Monday, September 24, 2012
The Clumpiness of Suffering
And as I drifted through the endless media data-dump of the week, a few tiny whispers of sorrow sparkled darkly.
Like the story of a local family, moving west for dad's new job, the pregnant mom and the little boys and the dogs in the car up front, dad in the back with the car. At four am, that overtired semi-driver didn't notice in time that they were stopped for construction and plowed them all out of this mortal coil in a mess of fire and steel.
Like the embedded narrative in an article about missing children in India, the story of a shattered Indian man whose wife died in childbirth, with their infant daughter then dying of dehydration after a stomach infection shortly after, and now his cherished, only son has disappeared, abducted as chattel.
Lord have mercy.
I have never viewed suffering itself as evidence of divine punishment, not ever. One cannot be Christian and think this. Jesus said as much, and then he in his own life showed us the falseness of that way of thinking. We are mortal creatures, woven up of dirt and water. We live. We die. And both living and dying involve encounters with suffering.
Where I struggle sometimes, theologically, is with the peculiarly sustained concentrations of random sorrow that seem to afflict some souls. They seem, for all intents and purposes, to be perfectly decent human beings, absolutely indistinguishable in intellect, wisdom, and spirit from the rest of humanity. And yet woes befall them with great frequency. Loved ones die, or betray, or abandon them. Illness of flesh and spirit is a continual presence. Poverty can be present, but a parade of loss and tragedy can define even the life of those seemingly free of material want. It becomes a seemingly dominant feature of their entire story, the bitter thread that seems to give structure to their lives.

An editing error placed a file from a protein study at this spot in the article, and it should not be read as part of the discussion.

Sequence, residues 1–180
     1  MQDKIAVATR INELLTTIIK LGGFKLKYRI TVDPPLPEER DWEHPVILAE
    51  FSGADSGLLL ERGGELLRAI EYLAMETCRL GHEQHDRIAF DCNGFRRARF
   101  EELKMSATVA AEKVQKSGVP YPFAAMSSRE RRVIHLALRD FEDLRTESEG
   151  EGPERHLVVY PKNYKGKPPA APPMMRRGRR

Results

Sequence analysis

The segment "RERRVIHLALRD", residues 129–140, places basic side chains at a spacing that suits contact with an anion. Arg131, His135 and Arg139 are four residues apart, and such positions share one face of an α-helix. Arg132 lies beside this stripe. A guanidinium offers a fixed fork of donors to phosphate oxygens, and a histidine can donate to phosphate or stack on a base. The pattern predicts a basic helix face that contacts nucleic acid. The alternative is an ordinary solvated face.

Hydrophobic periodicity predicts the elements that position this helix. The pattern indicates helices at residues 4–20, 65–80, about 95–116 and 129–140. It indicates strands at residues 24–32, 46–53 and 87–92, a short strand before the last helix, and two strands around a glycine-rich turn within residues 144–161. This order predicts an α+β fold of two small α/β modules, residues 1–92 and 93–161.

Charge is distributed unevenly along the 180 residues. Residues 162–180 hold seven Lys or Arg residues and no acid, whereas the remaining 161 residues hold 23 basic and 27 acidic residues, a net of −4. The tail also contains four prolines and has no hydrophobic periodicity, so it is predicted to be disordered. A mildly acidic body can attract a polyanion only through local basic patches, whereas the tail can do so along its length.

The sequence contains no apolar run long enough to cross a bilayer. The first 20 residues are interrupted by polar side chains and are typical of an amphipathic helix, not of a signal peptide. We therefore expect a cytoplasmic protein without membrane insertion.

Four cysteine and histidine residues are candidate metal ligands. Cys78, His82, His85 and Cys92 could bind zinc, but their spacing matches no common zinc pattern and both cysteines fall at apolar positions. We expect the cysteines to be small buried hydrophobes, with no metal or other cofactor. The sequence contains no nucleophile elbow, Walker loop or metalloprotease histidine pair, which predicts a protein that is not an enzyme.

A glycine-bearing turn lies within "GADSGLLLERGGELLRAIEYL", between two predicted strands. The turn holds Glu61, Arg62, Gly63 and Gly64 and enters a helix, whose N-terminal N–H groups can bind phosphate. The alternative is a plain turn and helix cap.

It is easy, I think, to chalk up such things entirely to some repairable spiritual failing. It is easy to say, well, suffering can feed anxiety, hatred, addiction, cynicism, and depression, and those demons have a pesky tendency to amplify and sustain the dark cycles that cause suffering, driving us more and more deeply towards our shadow self. There is some truth in that, without question. Waging war against those pernicious critters in us can help stop those cycles. Sometimes.
But there are plenty of souls out there who are free from those demonic force-magnifiers, whose lives are consistently touched by pain and brokenness.
Ultimately, my own awareness of my mortal limitations reminds me that we are part of creation, and as such, we're as vulnerable to the dynamism and imbalance of creation as any other creature. Why did the wind concentrate slightly more, bringing down that one tree, and not another? Why did that healthy young doe miss her footing, now limping lame and vulnerable? Because that's what happened.
But as sentient beings capable of understanding ourselves and connecting more deeply with our Creator, our encounters with suffering and brokenness are different. Faith allows us to face down entropy while maintaining our integrity as beings. It allows us to cohere, in ways that seem impossible, when our entire world has collapsed around us. It allows us to show grace, manifest mercy, and share strength with our fellow beings as they experience times of loss and weakness.